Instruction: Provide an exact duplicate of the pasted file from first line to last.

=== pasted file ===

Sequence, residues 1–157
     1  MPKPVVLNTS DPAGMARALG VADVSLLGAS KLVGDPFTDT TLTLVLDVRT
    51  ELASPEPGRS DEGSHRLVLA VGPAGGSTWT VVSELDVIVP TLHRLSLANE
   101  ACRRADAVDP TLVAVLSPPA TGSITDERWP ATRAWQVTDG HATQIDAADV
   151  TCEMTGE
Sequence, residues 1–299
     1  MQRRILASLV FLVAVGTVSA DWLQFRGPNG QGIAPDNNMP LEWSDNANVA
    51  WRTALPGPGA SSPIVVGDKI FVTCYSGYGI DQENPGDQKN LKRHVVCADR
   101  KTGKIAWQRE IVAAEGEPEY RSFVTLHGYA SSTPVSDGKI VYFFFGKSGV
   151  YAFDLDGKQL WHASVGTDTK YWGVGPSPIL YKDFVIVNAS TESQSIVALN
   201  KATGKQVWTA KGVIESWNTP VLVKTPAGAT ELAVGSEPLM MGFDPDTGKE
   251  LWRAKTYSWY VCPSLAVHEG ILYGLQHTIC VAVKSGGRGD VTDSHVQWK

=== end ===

Sequence, residues 1–157
     1  MPKPVVLNTS DPAGMARALG VADVSLLGAS KLVGDPFTDT TLTLVLDVRT
    51  ELASPEPGRS DEGSHRLVLA VGPAGGSTWT VVSELDVIVP TLHRLSLANE
   101  ACRRADAVDP TLVAVLSPPA TGSITDERWP ATRAWQVTDG HATQIDAADV
   151  TCEMTGE
Sequence, residues 1–299
     1  MQRRILASLV FLVAVGTVSA DWLQFRGPNG QGIAPDNNMP LEWSDNANVA
    51  WRTALPGPGA SSPIVVGDKI FVTCYSGYGI DQENPGDQKN LKRHVVCADR
   101  KTGKIAWQRE IVAAEGEPEY RSFVTLHGYA SSTPVSDGKI VYFFFGKSGV
   151  YAFDLDGKQL WHASVGTDTK YWGVGPSPIL YKDFVIVNAS TESQSIVALN
   201  KATGKQVWTA KGVIESWNTP VLVKTPAGAT ELAVGSEPLM MGFDPDTGKE
   251  LWRAKTYSWY VCPSLAVHEG ILYGLQHTIC VAVKSGGRGD VTDSHVQWK